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A satellite finds massive methane leaks from gas pipelines

GARDEN CITY, TX - FEBRUARY 05: Flared natural gas is burned off at Apache Corporations operations at the Deadwood natural gas plant in the Permian Basin on February 5, 2015 in Garden City, Texas. Apache sends an estimated 50-52 million cubic feet of natural gas to this plant per day. As crude oil prices have fallen nearly 60 percent globally, American communities dependent on oil revenue prepare for hard times. Texas, which benefited from hydraulic fracturing and the shale drilling revolution, tripled its production of oil in the last five years. The Texan economy saw hundreds of billions of dollars come into the state before the global plunge in prices. Across the state drilling budgets are being slashed and companies are notifying workers of upcoming layoffs. According to federal labor statistics, around 300,000 people work in the Texas oil and gas industry, 50 percent more than four years ago. (Photo by Spencer Platt/Getty Images)
Flared natural gas is burned off at a natural gas plant. Methane, the main ingredient in natural gas, can leak from natural gas plants and pipelines.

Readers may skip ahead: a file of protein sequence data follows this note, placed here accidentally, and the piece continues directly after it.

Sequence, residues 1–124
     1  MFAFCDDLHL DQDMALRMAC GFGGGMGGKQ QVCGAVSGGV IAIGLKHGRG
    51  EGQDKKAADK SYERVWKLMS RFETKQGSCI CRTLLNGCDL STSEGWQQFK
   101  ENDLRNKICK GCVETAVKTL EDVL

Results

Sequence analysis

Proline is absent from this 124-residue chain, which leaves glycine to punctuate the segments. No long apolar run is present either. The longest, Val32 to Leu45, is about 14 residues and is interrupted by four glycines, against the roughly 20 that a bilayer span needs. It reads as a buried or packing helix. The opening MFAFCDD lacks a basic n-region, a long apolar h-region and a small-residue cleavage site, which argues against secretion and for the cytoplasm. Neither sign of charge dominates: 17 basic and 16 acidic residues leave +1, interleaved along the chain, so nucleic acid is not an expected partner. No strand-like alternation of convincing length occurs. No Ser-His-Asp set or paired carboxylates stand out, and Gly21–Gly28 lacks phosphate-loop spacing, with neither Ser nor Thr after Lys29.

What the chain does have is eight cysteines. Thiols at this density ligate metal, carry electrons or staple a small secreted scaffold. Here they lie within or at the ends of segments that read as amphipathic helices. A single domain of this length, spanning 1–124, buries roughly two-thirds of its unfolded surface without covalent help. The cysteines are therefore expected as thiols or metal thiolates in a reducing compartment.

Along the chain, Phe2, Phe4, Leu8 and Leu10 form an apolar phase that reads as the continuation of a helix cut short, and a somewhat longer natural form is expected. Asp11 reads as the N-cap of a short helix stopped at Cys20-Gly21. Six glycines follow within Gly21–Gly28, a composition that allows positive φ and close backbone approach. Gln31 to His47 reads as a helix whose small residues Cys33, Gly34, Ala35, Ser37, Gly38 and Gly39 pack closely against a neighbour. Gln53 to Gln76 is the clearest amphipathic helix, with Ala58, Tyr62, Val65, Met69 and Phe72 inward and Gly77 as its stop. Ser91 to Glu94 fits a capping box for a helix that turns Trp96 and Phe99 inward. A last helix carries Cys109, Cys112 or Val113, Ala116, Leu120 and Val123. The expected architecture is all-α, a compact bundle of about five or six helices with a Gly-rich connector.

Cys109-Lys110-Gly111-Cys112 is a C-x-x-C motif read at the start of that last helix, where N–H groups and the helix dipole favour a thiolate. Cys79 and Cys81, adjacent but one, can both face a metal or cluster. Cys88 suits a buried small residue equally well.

There's new evidence, collected from orbiting satellites, that oil and gas companies are routinely venting huge amounts of methane into the air.Methane is the main ingredient in natural gas, the fuel. It's also a powerful greenhouse gas, second only to carbon dioxide in its warming impact. And Thomas Lauvaux, a researcher with the Laboratory of Climate and Environmental Sciences, in France, says that there's been a persistent discrepancy between official estimates of methane emissions and field observations."For years, every time we had data [on methane emissions] - we were flying over an area, we were driving around, we always found more emissions than we were supposed to see," he says.Researchers turned to satellites in an effort to get more clarity. The European Space Agency launched an instrument three years ago, called the TROPOspheric Monitoring Instrument(TROPOMI), that can measure the methane in any 12-square-mile block of the atmosphere, day by day. Lauvaux says that TROPOMI detected methane releases that the official estimates did not foresee. "No one expects that pipelines are sometimes wide open, pouring gas into the atmosphere," he says. Yet they were. Over the course of two years, during 2019 and 2020, the researchers counted more than 1800 large bursts of methane, often releasing several tons of methane per hour. Lauvaux and his colleagues published their findings this week in the journal Science. The researchers consulted with gas companies, trying to understand the source of these "ultra-emitting events." They found that some releases resulted from accidents. More often, though, they were deliberate. Gas companies simply vented gas from pipelines or other equipment before carrying out repairs or maintenance operations. Lauvaux says these releases could be avoided. There's equipment that allows gas to be removed and captured before repairs. "It can totally be done," he says. "It takes time, for sure; resources and staff. But it's do-able. Absolutely."The countries where bursts of methane happened most frequently included the former Soviet republic of Turkmenistan, Russia, the United States, Iran, Kazakhstan, and Algeria. Lauvaux says they found relatively few such releases in some other countries with big gas industries, such as Saudi Arabia.According to the researchers, the large releases of methane that they detected accounted for eight to twelve percent of global methane emissions from oil and gas infrastructure during that time. Steven Hamburg, chief scientist for the Environmental Defense Fund, which has focused on the problem of methane emissions, says that these massive releases are dramatic. But it's also important to remember the "ordinary" leaks that make up the other 90 percent of emissions from oil and gas facilities. "They really matter!" he says.EDF is planning to launch its own methane-detecting satellite in about a year, which will take much sharper pictures, showing smaller leaks. Other organizations are developing their own methane detectors. That new monitoring network will transform the conversation about methane emissions, Hamburg says. Historically, no one could tell where methane was coming from, "and that's part of the reason we haven't taken, globally, the action that we should. It was just out of sight, out of mind," Hamburg says. "Well, it no longer will be. It will be totally visible."He thinks that will translate into more pressure on oil and gas companies to fix those leaks. Copyright 2022 NPR. To see more, visit https://www.npr.org.